The bull case on the charts is starting to gain momentum. Investors look for reasons to call a stock-market bottom.
Investors are scared and traders are anxious, but both are wondering whether the stock market has bottomed.
Investors might think that the wide daily and weekly trading ranges are a boon for traders, as they capitalize on massive moves in individual stocks and the indices.
Truth is that traders can thrive or die in this type of environment. Those who are careless with risk — failing to use a stop-loss or leaning on hope as a strategy when they’re wrong — can be devastated.
Put simply, the ranges are too wide and the action is too fast to be hesitant and careless with risk.
Investors are in a similar boat, albeit on a different time frame. How many growth stocks have seen 75% or more of their value wiped out? Former standouts like Shopify (SHOP) – Get Shopify, Inc. Class A Report, Twilio (TWLO) – Get Twilio, Inc. Class A Report and Fastly (FSLY) – Get Fastly, Inc. Class A Report can vouch for that.
How many high-quality names have lost 40% or more of their value? Advanced Micro Devices (AMD) – Get Advanced Micro Devices, Inc. Report, Meta (FB) – Get Meta Platforms Inc. Class A Report and Amazon (AMZN) – Get Amazon.com, Inc. Report come to mind.
Times like these can be incredibly scary for investors — and rightfully so.
As we said in a column last week, “Don’t Panic!” It’s “in investors’ interest not to be in the group that sells into the low during a marketwide capitulation.”
Has the Stock Market Hit Bottom?
In that previous column, we broke down the price action after the S&P 500 fell for more than seven weeks in a row. In the past 94 years, it’s happened only three other times and each time it’s happened, it marked the intermediate-term low.
Additionally, the S&P 500 was higher in each of the following time frames: one month, one quarter, six months and one year later.
We entered last week down for seven weeks with investors wondering if the S&P 500 would make it eight in a row.
Instead, the market ended the week with three straight 80%-plus upside-volume days on the NYSE. It was the third time we’ve seen three straight sessions with this type of price action in the past 10 years. It happened in February 2016 and March 2020. In both occurrences, it marked the bottom — permanently.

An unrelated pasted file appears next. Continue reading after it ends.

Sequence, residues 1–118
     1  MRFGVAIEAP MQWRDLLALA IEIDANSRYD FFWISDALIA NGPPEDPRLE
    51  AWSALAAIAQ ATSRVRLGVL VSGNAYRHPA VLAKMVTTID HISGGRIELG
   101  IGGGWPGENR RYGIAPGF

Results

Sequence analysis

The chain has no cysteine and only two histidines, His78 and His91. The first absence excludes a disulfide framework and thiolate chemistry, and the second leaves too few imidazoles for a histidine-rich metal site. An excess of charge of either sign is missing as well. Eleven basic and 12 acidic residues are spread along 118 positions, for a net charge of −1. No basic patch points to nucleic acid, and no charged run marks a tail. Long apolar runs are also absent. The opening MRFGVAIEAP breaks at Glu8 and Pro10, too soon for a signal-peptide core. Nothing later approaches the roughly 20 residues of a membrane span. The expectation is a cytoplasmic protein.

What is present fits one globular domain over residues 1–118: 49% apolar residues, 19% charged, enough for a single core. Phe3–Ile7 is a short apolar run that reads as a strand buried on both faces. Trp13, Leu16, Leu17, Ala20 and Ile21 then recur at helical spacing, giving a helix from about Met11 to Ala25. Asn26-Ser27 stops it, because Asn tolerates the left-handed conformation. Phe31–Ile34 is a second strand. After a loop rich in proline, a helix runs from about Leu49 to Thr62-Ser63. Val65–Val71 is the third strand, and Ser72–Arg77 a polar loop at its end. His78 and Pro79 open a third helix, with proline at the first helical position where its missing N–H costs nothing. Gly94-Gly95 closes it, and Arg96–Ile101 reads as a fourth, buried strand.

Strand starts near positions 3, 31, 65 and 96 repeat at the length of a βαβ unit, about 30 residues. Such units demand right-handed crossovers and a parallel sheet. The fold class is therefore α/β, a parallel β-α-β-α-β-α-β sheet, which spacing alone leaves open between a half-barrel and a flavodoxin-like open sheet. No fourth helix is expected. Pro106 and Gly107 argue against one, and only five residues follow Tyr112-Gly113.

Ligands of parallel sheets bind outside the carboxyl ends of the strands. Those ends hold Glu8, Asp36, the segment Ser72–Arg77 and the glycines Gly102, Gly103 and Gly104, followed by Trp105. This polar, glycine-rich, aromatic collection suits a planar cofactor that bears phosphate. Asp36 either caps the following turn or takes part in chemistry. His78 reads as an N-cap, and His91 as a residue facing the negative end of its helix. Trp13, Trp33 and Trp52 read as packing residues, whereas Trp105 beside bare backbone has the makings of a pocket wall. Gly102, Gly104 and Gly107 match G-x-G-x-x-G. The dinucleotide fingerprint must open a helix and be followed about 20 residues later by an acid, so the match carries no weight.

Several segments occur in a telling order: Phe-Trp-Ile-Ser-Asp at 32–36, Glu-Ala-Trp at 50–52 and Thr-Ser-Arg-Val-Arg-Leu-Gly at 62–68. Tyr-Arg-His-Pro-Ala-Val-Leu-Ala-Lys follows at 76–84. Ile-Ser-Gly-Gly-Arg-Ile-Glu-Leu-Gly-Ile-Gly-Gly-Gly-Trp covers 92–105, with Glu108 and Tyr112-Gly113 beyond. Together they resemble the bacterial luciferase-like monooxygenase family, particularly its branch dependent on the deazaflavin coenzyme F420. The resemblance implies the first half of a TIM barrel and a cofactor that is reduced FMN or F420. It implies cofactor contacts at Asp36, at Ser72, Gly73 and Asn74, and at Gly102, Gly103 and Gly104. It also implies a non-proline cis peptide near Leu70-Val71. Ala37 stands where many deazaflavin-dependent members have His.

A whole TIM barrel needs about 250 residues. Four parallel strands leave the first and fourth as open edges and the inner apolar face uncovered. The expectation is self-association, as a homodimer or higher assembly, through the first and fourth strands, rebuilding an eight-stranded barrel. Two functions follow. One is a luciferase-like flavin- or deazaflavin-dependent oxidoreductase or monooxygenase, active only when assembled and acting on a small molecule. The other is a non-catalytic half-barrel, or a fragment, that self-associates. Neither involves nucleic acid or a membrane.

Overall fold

See the chart below:
Weekly chart of the S&P 500.
Chart courtesy of TradingView.com
Breadth is a closely tracked metric for some investors. Back-to-back sessions with 80%-plus upside breadth indicates a return to demand.
That said, the above info is a very limited data set, with just two occurrences to measure from.
So I zoomed out and looked at what happened when we had three occurrences of 80%-plus upside volume in a four-session span. That’s happened six times in the past decade, three of the six in 2020.
S&P 500’s return after three 80%+ upside days in four sessions
In five out of six of those occurrences, the S&P 500 was higher one month later, one quarter later and one year later. In all the occurrences, the index was higher six months later.
It also marked the low for the next three months on all previous six occasions. In five out of six situations, it marked the low for the next six months.
The Bottom Line
Daily chart of the S&P 500.
Chart courtesy of TradingVew.com
When looking for a stock-market bottom, there’s no clear-cut answer. There’s a lot of gray area and, as a result, we’re looking for evidence and clues more than just a yes or no answer.
In the span of just a few days now, the bulls have more clues to work with.
They know history is on their side when it comes to a losing streak of seven weeks or longer. They also know that three straight strong-breadth upside days bode well for the market, as do three strong upside days in a four-day stretch.
Does that mean the stock market has bottomed?
No, it does not guarantee it! We observe the market in a series of probabilities — not certainties.
But the weight of evidence is certainly starting to support the idea that we have reached some sort of intermediate-term bottom.
Whether that low lasts for one month, three months, six months or longer is anyone’s guess.
It’s always possible that we retest the low or we’re in a bear market that continues to move lower later in the year. At a minimum, though, the short-term situation is certainly improving for investors.